Crony capitalism. Picking winners and losers. Corporate welfare. Market-oriented conservatives opposed to extending the solar energy tax credits in North Carolina don’t mince words. Yet, so far they’ve failed to convince their own party to get rid of them. Last night, the State House adopted a budget which would extend the tax credits for another year, earning opponents the honor of having the Worst Week in Raleigh.

The debate over extending the credits has split the North Carolina Republican Party along its free marketeer/pragmatist axis. The free marketers want an entire course correction in government and they see Republicans embracing solar energy as exemplifying some of the worst of establishment-type politics. It doesn’t help that solar energy is in their minds associated with hippies and granola-eating liberals, as one observer noted.

Beyond that, opponents argue that extending tax credits for solar energy means propping up an industry that wouldn’t exist without the government supporting it. While some may concede that tax credits might have once been a good idea, they maintain the industry has had time enough to grow up on its own. If the government gets out of the way and solar happens to shrivel up and die, so be it. Let the market decide.

Despite this being a core conservative philosophy, a survey of the vote on the budget shows that it does not prevail among the House Republican Caucus. Last night Rep. Marilyn Avila of Wake County introduced an amendment that would strike out the solar credits. It got smacked down, hard, 38-77. The numbers for the overall budget: 94-23, an indication of strong bipartisan support. Those voting against tended to be on the more extreme ends of the ideological spectrum.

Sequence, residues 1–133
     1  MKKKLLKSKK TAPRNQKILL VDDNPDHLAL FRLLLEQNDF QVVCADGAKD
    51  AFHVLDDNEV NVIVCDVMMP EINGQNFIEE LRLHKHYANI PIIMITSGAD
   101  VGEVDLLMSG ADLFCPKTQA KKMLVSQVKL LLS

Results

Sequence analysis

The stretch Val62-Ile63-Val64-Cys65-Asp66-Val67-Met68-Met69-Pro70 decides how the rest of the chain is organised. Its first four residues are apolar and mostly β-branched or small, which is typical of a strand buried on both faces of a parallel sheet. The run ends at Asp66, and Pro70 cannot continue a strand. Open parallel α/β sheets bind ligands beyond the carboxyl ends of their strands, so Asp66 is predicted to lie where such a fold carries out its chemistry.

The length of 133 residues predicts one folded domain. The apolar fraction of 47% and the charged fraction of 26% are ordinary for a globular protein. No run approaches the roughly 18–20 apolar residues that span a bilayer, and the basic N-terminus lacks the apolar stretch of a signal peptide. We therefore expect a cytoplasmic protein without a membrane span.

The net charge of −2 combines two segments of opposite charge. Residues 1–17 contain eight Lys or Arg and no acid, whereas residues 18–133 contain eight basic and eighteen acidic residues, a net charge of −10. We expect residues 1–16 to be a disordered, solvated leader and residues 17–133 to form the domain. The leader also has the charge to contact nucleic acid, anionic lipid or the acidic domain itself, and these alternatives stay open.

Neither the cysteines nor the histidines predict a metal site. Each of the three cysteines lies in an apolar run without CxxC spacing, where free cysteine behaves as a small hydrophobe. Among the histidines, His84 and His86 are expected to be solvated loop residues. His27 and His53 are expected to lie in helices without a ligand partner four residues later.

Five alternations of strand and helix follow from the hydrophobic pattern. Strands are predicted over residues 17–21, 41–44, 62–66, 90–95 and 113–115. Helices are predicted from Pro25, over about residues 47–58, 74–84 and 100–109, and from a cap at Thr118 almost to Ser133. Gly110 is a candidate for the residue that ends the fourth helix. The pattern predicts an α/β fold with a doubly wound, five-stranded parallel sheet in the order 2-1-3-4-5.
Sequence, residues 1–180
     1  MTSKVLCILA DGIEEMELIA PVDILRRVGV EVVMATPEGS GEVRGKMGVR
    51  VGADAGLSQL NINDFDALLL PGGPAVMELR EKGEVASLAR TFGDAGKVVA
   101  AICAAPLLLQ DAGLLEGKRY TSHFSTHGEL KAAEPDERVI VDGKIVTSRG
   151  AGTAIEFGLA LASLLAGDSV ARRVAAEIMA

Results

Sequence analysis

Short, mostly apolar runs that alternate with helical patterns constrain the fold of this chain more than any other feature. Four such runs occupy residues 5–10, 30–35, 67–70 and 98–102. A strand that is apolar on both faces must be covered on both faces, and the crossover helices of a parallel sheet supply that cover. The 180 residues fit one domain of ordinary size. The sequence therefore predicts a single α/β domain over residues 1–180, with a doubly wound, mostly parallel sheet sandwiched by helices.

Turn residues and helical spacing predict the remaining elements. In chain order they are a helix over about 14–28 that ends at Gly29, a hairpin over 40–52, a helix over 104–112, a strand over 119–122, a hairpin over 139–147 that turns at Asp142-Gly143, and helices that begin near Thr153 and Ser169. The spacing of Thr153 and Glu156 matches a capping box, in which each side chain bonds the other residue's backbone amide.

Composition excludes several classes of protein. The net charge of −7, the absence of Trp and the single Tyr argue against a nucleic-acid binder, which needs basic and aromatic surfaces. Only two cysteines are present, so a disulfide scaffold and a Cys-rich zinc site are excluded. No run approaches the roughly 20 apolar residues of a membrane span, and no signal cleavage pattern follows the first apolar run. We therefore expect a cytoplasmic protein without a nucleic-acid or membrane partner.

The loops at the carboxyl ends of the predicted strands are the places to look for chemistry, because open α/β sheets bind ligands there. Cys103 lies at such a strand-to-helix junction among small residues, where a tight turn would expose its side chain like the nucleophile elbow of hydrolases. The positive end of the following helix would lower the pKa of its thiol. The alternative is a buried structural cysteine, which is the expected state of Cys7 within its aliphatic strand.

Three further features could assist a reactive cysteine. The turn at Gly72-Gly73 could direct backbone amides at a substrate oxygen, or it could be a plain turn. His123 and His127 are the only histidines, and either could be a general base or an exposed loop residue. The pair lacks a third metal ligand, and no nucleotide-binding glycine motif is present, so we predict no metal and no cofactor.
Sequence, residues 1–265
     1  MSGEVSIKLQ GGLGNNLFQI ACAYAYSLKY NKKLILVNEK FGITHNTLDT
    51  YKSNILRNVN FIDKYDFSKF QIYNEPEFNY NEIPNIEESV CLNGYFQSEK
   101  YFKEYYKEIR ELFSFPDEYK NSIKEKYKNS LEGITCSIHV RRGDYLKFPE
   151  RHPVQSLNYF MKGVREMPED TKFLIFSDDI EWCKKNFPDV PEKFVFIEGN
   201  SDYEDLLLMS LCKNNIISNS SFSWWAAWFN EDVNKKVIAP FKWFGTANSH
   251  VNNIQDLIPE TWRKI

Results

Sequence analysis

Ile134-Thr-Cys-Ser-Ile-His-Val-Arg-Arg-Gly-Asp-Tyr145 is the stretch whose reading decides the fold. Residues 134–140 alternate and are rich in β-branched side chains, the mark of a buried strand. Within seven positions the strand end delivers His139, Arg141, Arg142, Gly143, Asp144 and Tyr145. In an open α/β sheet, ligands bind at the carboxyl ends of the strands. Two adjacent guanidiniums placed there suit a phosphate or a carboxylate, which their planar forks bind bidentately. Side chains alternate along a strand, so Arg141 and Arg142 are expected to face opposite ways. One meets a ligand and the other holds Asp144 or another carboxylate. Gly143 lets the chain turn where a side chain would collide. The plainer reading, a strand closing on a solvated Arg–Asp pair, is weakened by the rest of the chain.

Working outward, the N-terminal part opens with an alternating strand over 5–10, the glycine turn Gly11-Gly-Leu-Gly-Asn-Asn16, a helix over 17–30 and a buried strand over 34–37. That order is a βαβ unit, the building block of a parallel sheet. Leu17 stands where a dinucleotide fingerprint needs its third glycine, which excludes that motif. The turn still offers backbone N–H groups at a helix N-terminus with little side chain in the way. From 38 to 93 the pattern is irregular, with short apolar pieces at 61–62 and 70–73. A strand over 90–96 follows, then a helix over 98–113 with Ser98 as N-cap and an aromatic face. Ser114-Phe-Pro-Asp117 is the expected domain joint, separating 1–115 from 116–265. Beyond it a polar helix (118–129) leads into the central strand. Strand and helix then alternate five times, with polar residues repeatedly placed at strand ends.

That’s where House Republicans opposed to solar find themselves now – on the extremes, and on the sidelines. The fight goes on to the Senate, whose budget will probably look completely different. Interestingly, Governor McCrory, who frequently finds himself on the “pragmatist” side, is with the free marketers on this one; he wants to do away with the credits entirely. So there’s still hope for solar opponents. This week, though, they lost a major battle.

Opponents to extending the solar energy tax credits, for rediscovering that free marketeers don’t run things in at least one chamber of the legislature, this week’s “Worst Week in Raleigh” award is yours. Congrats, or something.


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